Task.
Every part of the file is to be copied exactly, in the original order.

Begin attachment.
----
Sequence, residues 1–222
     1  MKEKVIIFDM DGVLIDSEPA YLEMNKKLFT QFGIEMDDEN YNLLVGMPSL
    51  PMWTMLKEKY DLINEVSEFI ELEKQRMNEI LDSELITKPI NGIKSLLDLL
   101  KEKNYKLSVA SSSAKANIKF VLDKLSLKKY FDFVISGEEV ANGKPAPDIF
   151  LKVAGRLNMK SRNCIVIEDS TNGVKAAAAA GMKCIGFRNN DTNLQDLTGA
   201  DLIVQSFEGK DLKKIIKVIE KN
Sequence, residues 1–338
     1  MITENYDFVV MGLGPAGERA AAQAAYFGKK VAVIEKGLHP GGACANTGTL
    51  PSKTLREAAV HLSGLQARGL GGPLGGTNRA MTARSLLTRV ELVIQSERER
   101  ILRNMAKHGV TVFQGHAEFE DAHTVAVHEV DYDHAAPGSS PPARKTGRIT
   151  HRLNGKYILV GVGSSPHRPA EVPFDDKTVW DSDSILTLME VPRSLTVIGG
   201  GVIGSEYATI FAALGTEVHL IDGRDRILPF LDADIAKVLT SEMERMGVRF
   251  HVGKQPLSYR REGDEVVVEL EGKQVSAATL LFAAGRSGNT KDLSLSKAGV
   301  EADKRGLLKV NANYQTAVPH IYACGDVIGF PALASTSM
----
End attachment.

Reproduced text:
Sequence, residues 1–222
     1  MKEKVIIFDM DGVLIDSEPA YLEMNKKLFT QFGIEMDDEN YNLLVGMPSL
    51  PMWTMLKEKY DLINEVSEFI ELEKQRMNEI LDSELITKPI NGIKSLLDLL
   101  KEKNYKLSVA SSSAKANIKF VLDKLSLKKY FDFVISGEEV ANGKPAPDIF
   151  LKVAGRLNMK SRNCIVIEDS TNGVKAAAAA GMKCIGFRNN DTNLQDLTGA
   201  DLIVQSFEGK DLKKIIKVIE KN
Sequence, residues 1–338
     1  MITENYDFVV MGLGPAGERA AAQAAYFGKK VAVIEKGLHP GGACANTGTL
    51  PSKTLREAAV HLSGLQARGL GGPLGGTNRA MTARSLLTRV ELVIQSERER
   101  ILRNMAKHGV TVFQGHAEFE DAHTVAVHEV DYDHAAPGSS PPARKTGRIT
   151  HRLNGKYILV GVGSSPHRPA EVPFDDKTVW DSDSILTLME VPRSLTVIGG
   201  GVIGSEYATI FAALGTEVHL IDGRDRILPF LDADIAKVLT SEMERMGVRF
   251  HVGKQPLSYR REGDEVVVEL EGKQVSAATL LFAAGRSGNT KDLSLSKAGV
   301  EADKRGLLKV NANYQTAVPH IYACGDVIGF PALASTSM